Hardrada Rottweilers on Tail Docking
Tail docking is legal in New Zealand
Tall Tail: Have you ever wondered why Rotties have docked tails?
Although several theories surround the origin of docked tails in Rottweilers, most of these only stem from misinterpretations and misconceptions about this powerful breed of dogs.
Rotties have been an integral part of human life since the early days of the Roman Empire when they were commonly used as working dogs to herd cattle. They were primarily used to safeguard cattle from robbers and wild animals. Consequently, the dogs grew up mainly in pastures, which exposed them to mud, debris and waste left behind by the livestock. Often, the encrusted debris weighed down their tails. This left the Rotties prone to infections and injuries as cattle and other livestock trod on their tails.
It became a common habit to dock the tails of the Rotties as a preventive measure against injuries and infections, especially in the absence of adequate veterinary care in those days. The docked tails of the Rotties were also considered to be advantageous since farmers could avoid a ‘tail tax’, which was a method of counting livestock by counting the number of tails.
Rotties have also been used as police dogs by the military during World War I. This has led people to misconstrue that tail docking came into practice to give the breed a fiercer appearance that suited its role of a watchdog. However, this explanation has now been proved wrong and it has been established that the Rottweiler was originally a working dog.
The practice of docking the Rottie’s tail continues in New Zealand, but has been made illegal in Australia, Mexico, and a few European countries.
The New Zealand Animal welfare act allows the docking of tails, key points are listed below.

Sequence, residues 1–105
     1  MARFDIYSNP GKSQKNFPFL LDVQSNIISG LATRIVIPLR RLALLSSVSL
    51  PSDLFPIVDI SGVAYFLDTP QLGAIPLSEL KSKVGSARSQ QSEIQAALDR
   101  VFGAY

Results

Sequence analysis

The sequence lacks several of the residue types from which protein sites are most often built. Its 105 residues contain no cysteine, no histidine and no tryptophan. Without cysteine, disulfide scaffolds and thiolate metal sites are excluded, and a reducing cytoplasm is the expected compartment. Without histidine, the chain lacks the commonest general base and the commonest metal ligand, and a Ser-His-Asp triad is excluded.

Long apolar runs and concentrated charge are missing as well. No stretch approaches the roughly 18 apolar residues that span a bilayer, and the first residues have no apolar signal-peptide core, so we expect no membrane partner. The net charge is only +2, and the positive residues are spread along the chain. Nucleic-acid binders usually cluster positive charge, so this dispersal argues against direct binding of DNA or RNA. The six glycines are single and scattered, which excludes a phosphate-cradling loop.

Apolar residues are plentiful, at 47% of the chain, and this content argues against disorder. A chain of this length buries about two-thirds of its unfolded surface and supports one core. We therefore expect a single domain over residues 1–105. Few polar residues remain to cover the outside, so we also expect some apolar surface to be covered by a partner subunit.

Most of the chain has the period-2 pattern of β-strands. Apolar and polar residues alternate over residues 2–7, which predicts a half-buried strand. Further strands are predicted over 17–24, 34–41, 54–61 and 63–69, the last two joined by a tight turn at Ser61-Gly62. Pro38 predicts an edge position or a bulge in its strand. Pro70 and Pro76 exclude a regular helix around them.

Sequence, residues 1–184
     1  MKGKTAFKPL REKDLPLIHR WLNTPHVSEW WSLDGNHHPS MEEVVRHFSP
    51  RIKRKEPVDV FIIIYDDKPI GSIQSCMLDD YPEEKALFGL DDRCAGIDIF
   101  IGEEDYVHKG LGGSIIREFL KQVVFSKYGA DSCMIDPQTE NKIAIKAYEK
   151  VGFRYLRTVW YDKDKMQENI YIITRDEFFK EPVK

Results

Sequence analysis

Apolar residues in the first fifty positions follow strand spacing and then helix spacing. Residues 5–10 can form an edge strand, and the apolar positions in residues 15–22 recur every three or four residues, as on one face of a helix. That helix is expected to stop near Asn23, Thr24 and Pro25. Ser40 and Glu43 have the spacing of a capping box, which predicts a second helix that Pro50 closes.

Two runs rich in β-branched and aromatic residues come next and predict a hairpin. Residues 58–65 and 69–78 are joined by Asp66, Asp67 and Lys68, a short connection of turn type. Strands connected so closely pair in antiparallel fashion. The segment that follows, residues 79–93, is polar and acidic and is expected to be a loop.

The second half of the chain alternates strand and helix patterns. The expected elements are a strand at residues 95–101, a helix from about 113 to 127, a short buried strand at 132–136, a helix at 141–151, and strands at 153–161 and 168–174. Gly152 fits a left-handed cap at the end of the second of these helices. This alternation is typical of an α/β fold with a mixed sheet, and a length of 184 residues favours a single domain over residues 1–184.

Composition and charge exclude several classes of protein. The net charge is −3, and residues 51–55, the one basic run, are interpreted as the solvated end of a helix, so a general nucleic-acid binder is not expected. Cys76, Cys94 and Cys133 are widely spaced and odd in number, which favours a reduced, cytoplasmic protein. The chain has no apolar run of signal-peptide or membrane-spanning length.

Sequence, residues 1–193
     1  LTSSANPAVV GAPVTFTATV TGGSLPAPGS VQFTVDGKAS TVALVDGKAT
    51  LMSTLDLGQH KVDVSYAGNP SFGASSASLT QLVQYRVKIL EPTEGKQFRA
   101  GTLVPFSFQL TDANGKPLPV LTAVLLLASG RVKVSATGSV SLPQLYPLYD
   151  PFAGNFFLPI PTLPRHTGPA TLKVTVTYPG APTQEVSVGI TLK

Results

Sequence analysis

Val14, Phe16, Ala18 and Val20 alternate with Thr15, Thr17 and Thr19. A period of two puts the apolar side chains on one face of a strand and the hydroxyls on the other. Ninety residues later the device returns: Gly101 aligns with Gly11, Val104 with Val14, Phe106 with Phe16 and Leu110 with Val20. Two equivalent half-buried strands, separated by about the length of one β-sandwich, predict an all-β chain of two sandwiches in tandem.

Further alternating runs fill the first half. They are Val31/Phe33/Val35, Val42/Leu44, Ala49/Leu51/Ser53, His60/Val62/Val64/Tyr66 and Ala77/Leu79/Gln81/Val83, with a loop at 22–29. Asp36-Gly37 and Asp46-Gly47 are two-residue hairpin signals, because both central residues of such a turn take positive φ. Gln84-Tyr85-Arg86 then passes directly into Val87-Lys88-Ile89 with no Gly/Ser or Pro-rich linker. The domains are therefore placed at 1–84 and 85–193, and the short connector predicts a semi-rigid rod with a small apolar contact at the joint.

The Animal Welfare (Dogs) Code of Welfare
Minimum Standard 17 states:
(a) Tails may only be shortened or removed by using a tail band—
(i) in puppies that are less than four days old in which the eyes have not started to open; and
(ii) by a person who possesses the appropriate knowledge, training and
competency necessary to do so effectively, and who is acting under a
documented quality assurance scheme that assures compliance with this
minimum standard; and
(iii) the remaining length of the tail must be sufficient to avoid compromising health and welfare when the dog is mature.
(b) Tails that need to be shortened or removed to manage existing injury or disease, must only be shortened or removed by a veterinarian using appropriate pain relief.
Please note the following:
· Surgical shortening or removal can ONLY be used under clause (b) i.e. to manage existing injury or disease, NOT for cosmetic or prophylactic docking.
· Anyone (including veterinarians) shortening tails for non-therapeutic purposes can only do so in puppies that are less than 4 days of age and ONLY tail bands may be used.
· Please note that clause (a)(ii) in terms of the requirement to act under a documented quality assurance scheme that assures compliance with the minimum standard applies to anyone banding tails, including veterinarians.
· Anyone can set up an assurance scheme but must satisfy themselves that they meet the requirements for knowledge, training and competency in tail banding and that any scheme meets the requirements of the minimum standard.